‘Surely, Ludovic, you would never compare the two girls’ said Lady Lufton.

‘Of course not. They are the very antipodes to each other. Miss Grantly would probably be more to my taste; but then I am wise enough to know that it is so because my taste is a bad taste.’

‘I know no man with a more accurate or refined taste in such matters,’ said Lady Lufton. Beyond this she did not dare to go. She knew very well that her strategy would be vain should her son learn that she had a strategy. To tell the truth, Lady Lufton was becoming somewhat indifferent to Lucy Robarts. She had been very kind to the little girl; but the little girl seemed hardly to appreciate the kindness as she should do–and then Lord Lufton would talk to Lucy, ‘which was so unnecessary, you know;’ and Lucy, had got into a way of talking quite freely with Lord Lufton, having completely dropped that short, spasmodic, ugly exclamation of ‘my lord’. And so the Christmas festivities were at an end, and January wore itself away. During the greater part of this month Lord Lufton did not remain at Framley, but was nevertheless in the county, hunting with the hounds of both divisions, and staying at various houses. Two or three nights he spent at Chaldicotes; and one–let it only be told in an under voice–at Gatherum Castle! Of this he said nothing to Lady Lufton. ‘Why make her unhappy?’ as he said to Mark. But Lady Lufton knew it, though she said not a word to him–knew it, and was unhappy. ‘If he would only marry Griselda, there would be an end of that danger,’ she said to herself.

And now we must go back a while to the vicar and his little bill. It will be remembered, that his first idea with reference to that trouble, after the reading of his father’s will, was to borrow the money from his brother John. John was down at Exeter at the time, and was to stay one night at the parsonage on his way to London. Mark would broach the matter to him on the journey, painful though it would be to him to tell the story of his own folly to a brother much younger than himself, and who had always looked up to him, clergyman and full-blown vicar as he was, with a deference greater than that which such difference in age required. The story was told, however; but was told in vain, as Mark found out before he reached Framley. His brother John immediately declared that he would lend him the money, of course–eight hundred, if his brother wanted it. He, John, confessed that, as regarded the remaining two, he should like to feel the pleasure of immediate possession. As for interest, he would not take any–take interest from a brother; of course not. Well, if Mark made such a fuss about it he supposed he must take it; but would rather not. Mark should have his own way, and do just what he liked.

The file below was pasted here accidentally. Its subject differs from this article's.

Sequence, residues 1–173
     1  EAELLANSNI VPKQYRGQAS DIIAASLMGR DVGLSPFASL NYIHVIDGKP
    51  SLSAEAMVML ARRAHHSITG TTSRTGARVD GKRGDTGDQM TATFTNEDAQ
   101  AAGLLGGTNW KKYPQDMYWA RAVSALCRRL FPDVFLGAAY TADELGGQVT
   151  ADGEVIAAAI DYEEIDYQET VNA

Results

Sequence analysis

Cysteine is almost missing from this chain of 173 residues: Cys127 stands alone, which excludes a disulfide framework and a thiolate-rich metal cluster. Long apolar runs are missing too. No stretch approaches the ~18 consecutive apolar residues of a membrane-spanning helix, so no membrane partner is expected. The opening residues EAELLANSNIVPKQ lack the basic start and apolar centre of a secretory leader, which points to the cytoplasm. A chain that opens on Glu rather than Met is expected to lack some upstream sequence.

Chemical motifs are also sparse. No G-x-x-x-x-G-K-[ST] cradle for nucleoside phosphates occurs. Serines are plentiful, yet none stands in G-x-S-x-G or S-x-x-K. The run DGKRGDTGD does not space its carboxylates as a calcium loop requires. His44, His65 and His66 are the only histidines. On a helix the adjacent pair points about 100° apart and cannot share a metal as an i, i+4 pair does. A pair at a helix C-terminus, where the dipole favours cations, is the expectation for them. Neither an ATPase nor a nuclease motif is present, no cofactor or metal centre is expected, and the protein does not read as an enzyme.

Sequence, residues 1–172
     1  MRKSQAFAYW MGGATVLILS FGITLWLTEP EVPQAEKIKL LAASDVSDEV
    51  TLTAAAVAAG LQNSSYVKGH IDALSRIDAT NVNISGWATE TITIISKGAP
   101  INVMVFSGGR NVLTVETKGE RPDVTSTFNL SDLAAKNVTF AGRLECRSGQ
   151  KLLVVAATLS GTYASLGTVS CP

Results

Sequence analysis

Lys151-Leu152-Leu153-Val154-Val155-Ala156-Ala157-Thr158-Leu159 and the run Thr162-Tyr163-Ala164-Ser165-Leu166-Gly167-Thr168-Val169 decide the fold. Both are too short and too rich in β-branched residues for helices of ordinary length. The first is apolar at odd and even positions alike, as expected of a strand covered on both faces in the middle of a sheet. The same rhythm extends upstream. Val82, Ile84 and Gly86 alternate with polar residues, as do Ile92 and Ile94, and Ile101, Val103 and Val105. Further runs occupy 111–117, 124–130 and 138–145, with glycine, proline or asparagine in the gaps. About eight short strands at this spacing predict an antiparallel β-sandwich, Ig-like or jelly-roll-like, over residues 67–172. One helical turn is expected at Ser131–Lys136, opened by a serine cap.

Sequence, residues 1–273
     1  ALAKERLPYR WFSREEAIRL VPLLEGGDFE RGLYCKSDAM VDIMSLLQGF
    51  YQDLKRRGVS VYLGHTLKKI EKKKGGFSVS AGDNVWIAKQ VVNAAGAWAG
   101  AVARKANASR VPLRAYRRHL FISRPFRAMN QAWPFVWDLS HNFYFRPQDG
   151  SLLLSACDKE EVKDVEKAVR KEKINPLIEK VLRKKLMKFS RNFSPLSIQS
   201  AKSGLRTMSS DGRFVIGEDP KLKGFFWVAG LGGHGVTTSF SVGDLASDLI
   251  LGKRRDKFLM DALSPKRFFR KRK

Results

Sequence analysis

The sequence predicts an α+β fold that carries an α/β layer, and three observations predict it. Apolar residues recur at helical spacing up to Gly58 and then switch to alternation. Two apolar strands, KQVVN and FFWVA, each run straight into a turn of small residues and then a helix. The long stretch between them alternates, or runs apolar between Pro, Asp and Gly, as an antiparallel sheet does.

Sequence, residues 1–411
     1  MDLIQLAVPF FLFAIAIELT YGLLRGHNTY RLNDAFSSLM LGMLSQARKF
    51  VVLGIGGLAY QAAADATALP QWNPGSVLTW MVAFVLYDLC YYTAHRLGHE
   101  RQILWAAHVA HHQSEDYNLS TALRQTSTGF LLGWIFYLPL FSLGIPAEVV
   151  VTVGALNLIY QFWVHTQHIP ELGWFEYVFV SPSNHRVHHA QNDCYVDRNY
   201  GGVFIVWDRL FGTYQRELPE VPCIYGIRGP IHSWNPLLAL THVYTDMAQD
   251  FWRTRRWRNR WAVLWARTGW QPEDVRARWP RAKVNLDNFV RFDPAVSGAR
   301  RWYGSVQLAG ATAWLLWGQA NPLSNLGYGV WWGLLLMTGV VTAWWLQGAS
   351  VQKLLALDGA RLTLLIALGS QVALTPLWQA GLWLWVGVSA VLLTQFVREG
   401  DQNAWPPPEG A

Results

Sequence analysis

This was all very well, and Mark had fully made up his mind that his brother should not be kept long out of his agony. But then arose the question how was that money to be reached? He, Mark, was executor, or one of the executors under his father’s will, and, therefore, no doubt, could put his hand upon it; but his brother wanted five months of being of age, and could not therefore as yet be put legally in possession of his legacy. ‘That is a bore,’ said the assistant private secretary to the Lord Petty Bag, thinking, perhaps, as much of his own immediate wish for ready cash as he did of his brother’s necessities. Mark felt that it was a bore, but there was nothing more to be done in that direction. He must now find out how far the bankers would assist him.

Some week or two after his return to Framley he went over to Barchester, and called there on a certain Mr Forrest, the manager of one of the banks, with whom he as acquainted; and with many injunctions as to secrecy told this manager the whole of his story. At first he concealed the name of his friend Sowerby, but it soon appeared that no such concealment was to any avail. ‘That Sowerby, of course,’ said Mr Forrest. ‘I know you are intimate with him; and all his friends go through that, sooner or later.’ It seemed to Mark as though Mr Forrest made very light of the whole transaction.

‘I cannot pay the bill when it is due,’ said Mark.